Logo

Early and late responses in patients with rheumatoid arthritis who were conventional synthetic disease-modifying anti-rheumatic drug inadequate responders and were treated with tocilizumab or switched to rituximab: an open-label phase 3 trial (MIRAI)

1, 2, 3, 4, 5, 6, 7, 8, 9, 10, 11, 12, 13, 14

  1. Department of Medicine, Rheumatology and Clinical Immunology, Charité Campus Mitte, Medizinische Klinik und Poliklinik m.S. Rheumatologie und Klinische Immunologie, Charité Universitätsmedizin Berlin, Germany. thomas.doerner@charite.de
  2. Division of Rheumatology and Clinical Immunology, Department of Internal Medicine IV, Klinikum der Universität München, Campus Innenstadt, Munich, Germany.
  3. Department of Medicine, Rheumatology and Clinical Immunology, Charité Campus Mitte, Medizinische Klinik und Poliklinik m.S. Rheumatologie und Klinische Immunologie, Charité Universitätsmedizin Berlin, Germany.
  4. Klinik für Nephrologie und Rheumatologie, Med. Klinik III, University Hamburg-Eppendorf, Klinik für Nephrologie und Rheumatologie, Hamburg, Germany.
  5. Rheumatologie/klinische Immunologie, Medizinische Klinik und Poliklinik II, Klinikum der Universität Würzburg, Germany.
  6. Department of Neurophysiology and Pathophysiology, Rheumatologische Schwerpunktpraxis am Feuersee, Stuttgart, Germany.
  7. Private Practice, Ambulantes Rheumazentrum Erfurt, Germany.
  8. Private Practice and Division of Rheumatology, Schwerpunktpraxis für Rheumatologie und Gastroenterologie und Ärztlicher Leiter Abteilung Rheumatologie KH Neuwittelsbach, Munich, Germany.
  9. Private Practice, Aachen, Germany.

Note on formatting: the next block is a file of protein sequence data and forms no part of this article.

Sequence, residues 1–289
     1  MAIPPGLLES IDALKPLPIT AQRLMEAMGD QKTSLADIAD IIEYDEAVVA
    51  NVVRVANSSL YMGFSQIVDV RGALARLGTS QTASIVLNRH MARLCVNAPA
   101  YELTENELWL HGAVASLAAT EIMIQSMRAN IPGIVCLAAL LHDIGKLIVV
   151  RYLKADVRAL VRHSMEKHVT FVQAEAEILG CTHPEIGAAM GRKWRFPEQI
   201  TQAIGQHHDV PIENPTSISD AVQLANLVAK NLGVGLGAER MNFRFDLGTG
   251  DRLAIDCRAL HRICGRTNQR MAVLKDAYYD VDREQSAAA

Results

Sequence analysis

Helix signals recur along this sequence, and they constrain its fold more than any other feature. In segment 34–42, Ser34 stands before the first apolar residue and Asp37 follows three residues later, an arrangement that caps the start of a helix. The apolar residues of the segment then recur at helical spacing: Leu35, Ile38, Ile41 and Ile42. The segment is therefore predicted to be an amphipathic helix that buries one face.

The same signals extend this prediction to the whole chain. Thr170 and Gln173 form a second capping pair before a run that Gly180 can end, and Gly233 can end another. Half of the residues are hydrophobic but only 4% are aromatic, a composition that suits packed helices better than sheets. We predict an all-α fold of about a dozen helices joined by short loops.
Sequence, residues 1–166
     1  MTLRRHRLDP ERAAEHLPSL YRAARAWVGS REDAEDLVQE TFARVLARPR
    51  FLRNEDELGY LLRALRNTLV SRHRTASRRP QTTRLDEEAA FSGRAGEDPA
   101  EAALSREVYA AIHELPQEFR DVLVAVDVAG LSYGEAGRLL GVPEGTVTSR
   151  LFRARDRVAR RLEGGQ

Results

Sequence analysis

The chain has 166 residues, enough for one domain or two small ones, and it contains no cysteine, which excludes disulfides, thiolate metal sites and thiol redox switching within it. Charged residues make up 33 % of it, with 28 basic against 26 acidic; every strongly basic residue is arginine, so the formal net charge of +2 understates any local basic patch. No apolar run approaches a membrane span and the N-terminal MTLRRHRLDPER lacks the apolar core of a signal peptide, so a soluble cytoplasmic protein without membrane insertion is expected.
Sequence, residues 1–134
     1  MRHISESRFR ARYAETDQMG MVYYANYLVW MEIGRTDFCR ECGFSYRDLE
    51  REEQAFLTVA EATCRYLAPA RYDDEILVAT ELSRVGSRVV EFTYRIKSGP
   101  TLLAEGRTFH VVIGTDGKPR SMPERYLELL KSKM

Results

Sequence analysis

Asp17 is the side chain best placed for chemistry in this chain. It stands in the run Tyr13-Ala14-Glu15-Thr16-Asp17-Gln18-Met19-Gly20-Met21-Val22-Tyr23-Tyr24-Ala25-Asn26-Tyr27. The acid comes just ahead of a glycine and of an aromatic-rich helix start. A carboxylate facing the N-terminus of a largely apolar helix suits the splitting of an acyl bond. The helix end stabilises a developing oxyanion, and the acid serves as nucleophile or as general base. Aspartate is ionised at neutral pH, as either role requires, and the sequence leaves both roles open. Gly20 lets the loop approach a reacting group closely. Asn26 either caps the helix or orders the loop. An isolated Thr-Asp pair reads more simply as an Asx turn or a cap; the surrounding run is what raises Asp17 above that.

10. Private Practice, Munich, Germany.
  11. Department of Internal Medicine, Klinikum der Universität zu Köln, Klinik für Innere Medizin I, Cologne, Germany.
  12. Rheumatologisches MVZ Dresden GmbH, Dresden, Germany.
  13. Medical Affairs, Roche Pharma AG, Grenzach, Germany.
  14. Rheumatologie/klinische Immunologie, Medizinische Klinik und Poliklinik II, Klinikum der Universität Würzburg, Germany.

CER11687 Submission on line
Full Papers

Free to view (click on article PDF icon to read the article)

Rheumatology Article
Rheumatology Article

 

Abstract

OBJECTIVES:
To evaluate early and late responses in biological-naïve patients with rheumatoid arthritis (RA) initiating tocilizumab and early tocilizumab non-responders who switched to rituximab.
METHODS:
In this open-label, non-randomised phase 3 study, RA patients with inadequate response to conventional synthetic DMARDs received tocilizumab 8 mg/kg intravenously at study begin and weeks 4, 8 and 12. After evaluation at week 16, early responders (Disease Activity Score based on 28 joints-erythrocyte sedimentation rate [DAS28-ESR] <2.6) completed the study; partial responders (DAS28-ESR decrease >1.2 or DAS28-ESR ≥2.6–≤3.2) were to continue tocilizumab through week 28; non-responders (DAS28-ESR decrease ≤1.2) switched to rituximab (1000 mg, weeks 16 and 18) with safety follow-up through week 66.
RESULTS:
Of 519 patients, 222 (42.8%) achieved early DAS28-ESR remission at week 16; 240 patients continued treatment, 213 (41.0%) received tocilizumab, and 27 (5.2%) switched to rituximab. At week 32 DAS28-ESR remission was achieved by 117/213 patients (54.9%) who continued tocilizumab and 4/27 patients (14.8%) who switched to rituximab; good EULAR response was achieved by 66.7% and 25.9% and CDAI remission by 19.2% and 14.8% of patients, respectively. Serious adverse events occurred through week 32 in 45/490 patients (9.2%) who received tocilizumab (serious infections, 2.7%) and through week 66 in 8/27 patients (29.6%) who switched to rituximab.
CONCLUSIONS:
Early response to tocilizumab was observed in 42.8% of patients. Half of early partial responders benefitted from continuing tocilizumab. Switching non-responders to rituximab seems feasible. No new safety signals were observed in patients treated with tocilizumab or switched to rituximab.

PMID: 31025930 [PubMed]

Received: 27/08/2018 - Accepted : 21/01/2019 - In Press: 16/04/2019